A neuroscientist’s neon pink arm cast led him and fellow researchers at Washington University School of Medicine in St. Louis to discover previously undetected neuronal pulses in the human brain that activate after an immobilizing illness or injury.
The pulses appeared on MRI scans used to measure brain activity of the neuroscientist and, later, two additional adults whose arms were in casts. The researchers compared those MRI images with scans of the scientists before and after their arms were put in casts.
The scans showed that the brain’s main circuits responsible for movement in specific areas of the body disconnected within 48 hours of a person wearing a cast that encumbered movement in such an area. Also during this time, “disuse pulses” emerged to maintain neural activity and allow the main motor circuits to reactivate if and when mobility was restored through physical therapy.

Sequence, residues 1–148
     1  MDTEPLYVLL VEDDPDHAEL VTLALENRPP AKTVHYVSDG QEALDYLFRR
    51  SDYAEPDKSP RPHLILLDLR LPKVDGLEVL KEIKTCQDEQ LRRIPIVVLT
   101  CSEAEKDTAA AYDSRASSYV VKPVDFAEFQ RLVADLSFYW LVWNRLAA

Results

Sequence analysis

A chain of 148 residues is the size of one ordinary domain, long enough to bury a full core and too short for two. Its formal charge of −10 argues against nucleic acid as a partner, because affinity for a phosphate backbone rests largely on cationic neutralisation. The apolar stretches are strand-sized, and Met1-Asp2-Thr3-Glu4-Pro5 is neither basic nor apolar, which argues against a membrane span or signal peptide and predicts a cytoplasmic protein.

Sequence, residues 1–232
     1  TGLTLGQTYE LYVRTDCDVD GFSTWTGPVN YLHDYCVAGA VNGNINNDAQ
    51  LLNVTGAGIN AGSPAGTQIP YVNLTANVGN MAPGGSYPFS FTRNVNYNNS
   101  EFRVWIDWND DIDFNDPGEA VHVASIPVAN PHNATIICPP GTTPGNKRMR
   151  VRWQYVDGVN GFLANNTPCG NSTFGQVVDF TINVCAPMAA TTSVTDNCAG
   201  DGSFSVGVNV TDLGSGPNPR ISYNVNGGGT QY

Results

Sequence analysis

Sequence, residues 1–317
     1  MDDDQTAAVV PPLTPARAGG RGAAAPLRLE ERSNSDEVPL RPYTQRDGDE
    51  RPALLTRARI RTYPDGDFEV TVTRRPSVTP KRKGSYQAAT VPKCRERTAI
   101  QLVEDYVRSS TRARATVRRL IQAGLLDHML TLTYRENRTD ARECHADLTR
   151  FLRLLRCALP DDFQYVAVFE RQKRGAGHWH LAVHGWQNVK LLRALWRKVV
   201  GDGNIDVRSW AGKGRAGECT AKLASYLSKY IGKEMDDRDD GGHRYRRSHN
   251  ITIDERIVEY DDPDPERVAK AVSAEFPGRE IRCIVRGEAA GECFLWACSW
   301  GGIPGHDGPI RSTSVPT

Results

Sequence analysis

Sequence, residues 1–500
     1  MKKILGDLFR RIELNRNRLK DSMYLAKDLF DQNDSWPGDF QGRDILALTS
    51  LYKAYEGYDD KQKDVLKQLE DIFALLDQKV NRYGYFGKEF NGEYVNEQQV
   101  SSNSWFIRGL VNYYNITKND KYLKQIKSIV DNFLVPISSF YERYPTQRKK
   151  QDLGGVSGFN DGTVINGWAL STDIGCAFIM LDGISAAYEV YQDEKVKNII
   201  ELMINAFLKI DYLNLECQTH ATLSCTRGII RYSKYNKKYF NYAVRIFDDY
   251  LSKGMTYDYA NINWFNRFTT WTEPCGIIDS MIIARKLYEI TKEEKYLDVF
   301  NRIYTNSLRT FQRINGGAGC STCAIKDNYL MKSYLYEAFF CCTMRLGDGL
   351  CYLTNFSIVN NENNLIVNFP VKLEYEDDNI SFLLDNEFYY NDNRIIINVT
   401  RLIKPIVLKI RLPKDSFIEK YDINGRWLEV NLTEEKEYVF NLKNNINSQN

The findings, published online June 16 in Neuron, offer clues to how the brain’s billions of neurons — cells that transmit nerve impulses — can rewire and restore pathways after injury or illness. Understanding just what is behind this resiliency may lead to new therapies for people with broken limbs or recovering from strokes or other immobilizing conditions.
“Many scenarios exist in neurology in which a person doesn’t use an arm or a leg and, consequently, related brain circuits for an extended period of time,” said senior author Nico Dosenbach, MD, PhD, an assistant professor of neurology. “In offering the best care to patients, it’s important to understand specifically what changes occur in brain function. Accurate understanding and mapping of these circuits may lead to advancements in treating patients who have lost use of their limbs.”